This is a revised version of a guest post I wrote for the AskCharity blog.
Earlier in the month, Peter Gilheany suggested that charities embracing the new Coalition buzz-term “Big Society” do so with care. I can only agree, and hope early-adopters and champions of the term take heed. While its intention is to sound cosy and inclusive, Big Society doesn’t in my view really change much of what charities are doing right now, or how they navigate access to funds, resources and volunteers. Big Society is aimed squarely at local people and groups, encouraging them to pick up the threads where the State’s woolly pullover has frayed and snapped off. And nothing wrong with that – it’s been happening, and will happen, forever. But with my cynical hat on (which I admit I wear on more than one day a week) it will also mean a greater reliance on the public conscience and purse, twinned with less statutory funding and social business investment. Many in the sector lament the very recent loss of Futurebuilders, for example; and guests on BBC Radio 4’s Today Programme last week were hazy on investment being diverted from existing resources and handed to local people to build their own ‘independent schools’. Once it gets too ‘Do it Yourself’, the hand tugging on the sleeve of local people’s goodwill, imploring them to donate their time and money, becomes the brave new concept Big Society – and thousands of the UK’s charities in business-as-usual mode.
Andy Westwood, Chair of the OECD’s LEED Forum on Social Innovation, argues that in order to have a Big Society, you need a plentiful supply of ’social capital’ (roughly: the collective will of people in a community to get stuck in and change things for the better. If ‘cultural capital’ makes you cool and socially accepted, ‘social capital’ is the will that makes our communities less dysfunctional). So the third sector – or “civil society” as it’s now being referred to (although I note that this again isn’t a new term. Hat-tip to reader Iris Barner) – must work very hard to harness social capital in our communities wherever we see it.
Westwood suggests help to build social capital comes from unlikely places. For instance, he argues that large Tesco regeneration stores and locally franchised fast food outlets like McDonalds anchor wealth and build communities in the same way that the pits and factories once did. So too are workplace darts and football teams – and even glee clubs – now places where a sense of community is being fostered.
So where does this take our sector? As I suggested three paragraphs ago, I think we’re in business-as-usual mode – with an arguably bigger battle to win the support of individual-givers, the corporate sector’s CSR programmes, and shrunken statutory funding. David Snell cites UnLtd’s Cliff Prior’s assertions that the “[Big Society] losers will be all the organisations, charities and businesses in the middle…currently reliant upon funding to deliver their work. [Prior asserts that] anyone who is supported by any form of govt. funding is in some trouble; which doesn’t mean that there will be no money; it’s just that there will be much less”. And we perhaps also face heightened competition to deliver local public services over profit-making bodies. Outgoing Director of think tank Demos, Richard Reeves, asserts that the third sector will have to “prove their social impact” in order to survive this Coalitions spending cuts. Which is why charities like Whizz-Kidz are trying to deliver more in partnership with local authorities to support more local people; and sharing resources.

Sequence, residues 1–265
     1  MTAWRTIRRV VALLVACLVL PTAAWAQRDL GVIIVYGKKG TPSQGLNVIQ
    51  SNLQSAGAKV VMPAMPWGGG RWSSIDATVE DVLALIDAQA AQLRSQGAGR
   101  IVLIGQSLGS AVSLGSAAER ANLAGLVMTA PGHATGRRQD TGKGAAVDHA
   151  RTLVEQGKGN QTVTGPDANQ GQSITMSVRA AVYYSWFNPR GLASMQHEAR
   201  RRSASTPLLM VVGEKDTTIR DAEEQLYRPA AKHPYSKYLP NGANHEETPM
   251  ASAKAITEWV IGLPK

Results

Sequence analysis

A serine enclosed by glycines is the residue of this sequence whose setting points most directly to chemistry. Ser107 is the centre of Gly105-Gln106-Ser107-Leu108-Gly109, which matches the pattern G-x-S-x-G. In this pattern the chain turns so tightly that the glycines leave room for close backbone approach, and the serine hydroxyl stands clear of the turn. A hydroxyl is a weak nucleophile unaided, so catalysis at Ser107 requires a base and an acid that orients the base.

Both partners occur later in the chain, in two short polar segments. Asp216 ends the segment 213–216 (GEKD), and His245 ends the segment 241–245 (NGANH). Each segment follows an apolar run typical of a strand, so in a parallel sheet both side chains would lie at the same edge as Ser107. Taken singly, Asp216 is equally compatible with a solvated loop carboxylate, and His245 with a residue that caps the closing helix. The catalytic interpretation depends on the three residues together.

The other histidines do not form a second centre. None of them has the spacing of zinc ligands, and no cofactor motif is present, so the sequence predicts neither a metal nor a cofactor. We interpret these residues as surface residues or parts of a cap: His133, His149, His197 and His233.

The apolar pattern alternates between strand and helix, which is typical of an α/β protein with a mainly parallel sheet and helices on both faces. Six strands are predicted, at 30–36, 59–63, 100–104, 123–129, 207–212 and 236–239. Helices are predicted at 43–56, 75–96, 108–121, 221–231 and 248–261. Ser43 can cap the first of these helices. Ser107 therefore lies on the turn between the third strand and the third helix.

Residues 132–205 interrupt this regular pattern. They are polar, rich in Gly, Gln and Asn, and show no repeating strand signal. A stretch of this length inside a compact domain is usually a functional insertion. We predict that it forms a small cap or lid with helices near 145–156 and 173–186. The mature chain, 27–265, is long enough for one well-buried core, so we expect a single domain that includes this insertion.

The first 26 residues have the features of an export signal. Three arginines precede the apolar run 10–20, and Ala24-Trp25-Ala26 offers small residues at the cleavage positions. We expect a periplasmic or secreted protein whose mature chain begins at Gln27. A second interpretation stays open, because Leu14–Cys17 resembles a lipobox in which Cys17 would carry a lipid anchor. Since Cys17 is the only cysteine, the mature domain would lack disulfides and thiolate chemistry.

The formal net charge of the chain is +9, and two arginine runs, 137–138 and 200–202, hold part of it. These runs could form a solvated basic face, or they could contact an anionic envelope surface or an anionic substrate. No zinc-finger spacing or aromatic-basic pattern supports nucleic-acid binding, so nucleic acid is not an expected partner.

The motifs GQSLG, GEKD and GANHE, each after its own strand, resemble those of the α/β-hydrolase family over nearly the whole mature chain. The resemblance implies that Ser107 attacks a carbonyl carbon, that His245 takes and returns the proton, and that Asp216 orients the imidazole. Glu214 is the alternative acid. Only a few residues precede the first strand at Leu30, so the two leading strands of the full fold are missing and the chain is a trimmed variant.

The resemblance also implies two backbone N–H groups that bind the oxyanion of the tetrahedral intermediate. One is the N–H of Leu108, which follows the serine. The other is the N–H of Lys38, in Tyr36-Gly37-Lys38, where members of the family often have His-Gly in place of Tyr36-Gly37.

And then there is the internet-powered Big Society – which optimists in the spirit of Shirky suggest could “power the reformation of politics […] and create entirely new social classes and professions”. Now, I am somewhat of a disciple of the likes of Mr Shirky but I probably lean towards Anna Coote’s more cautious analysis [opens in PDF] – in so far as there needs to be a fair and sustainable social justice framework where those currently marginalised (with likely no access to the internet or the skills or literacy of technology) can participate fully in their local communities, and the wider adoption of co-production.
If you hadn’t guessed, I’m not big into Big Society if it means my sector being flattered and wooed to deliver more with less. But, if we take off the rose-tinted spectacles, and leave the slogans and official briefings at the door, the third sector has some tough yet exciting opportunities ahead. As Joe Saxton suggests, some of these decisions may result in mergers and more cross-charity partnership working. This could reduce duplication of effort, and I’m all for communication as opposed to territoriality. We also need to tap into the social glue or capital in all communities and not just chase after the same depleting golden pots of money. And we need to harness the technology that helps to democratise and crowdsource local knowledge and resources; in the very spirit of co-production.
Our sector faces the same challenges that Government and the Labour opposition has in terms of uniting communities, and we can do it; but for now I think the real slogan in our minds needs to be Big Challenge, and not get too bogged down in Big Society.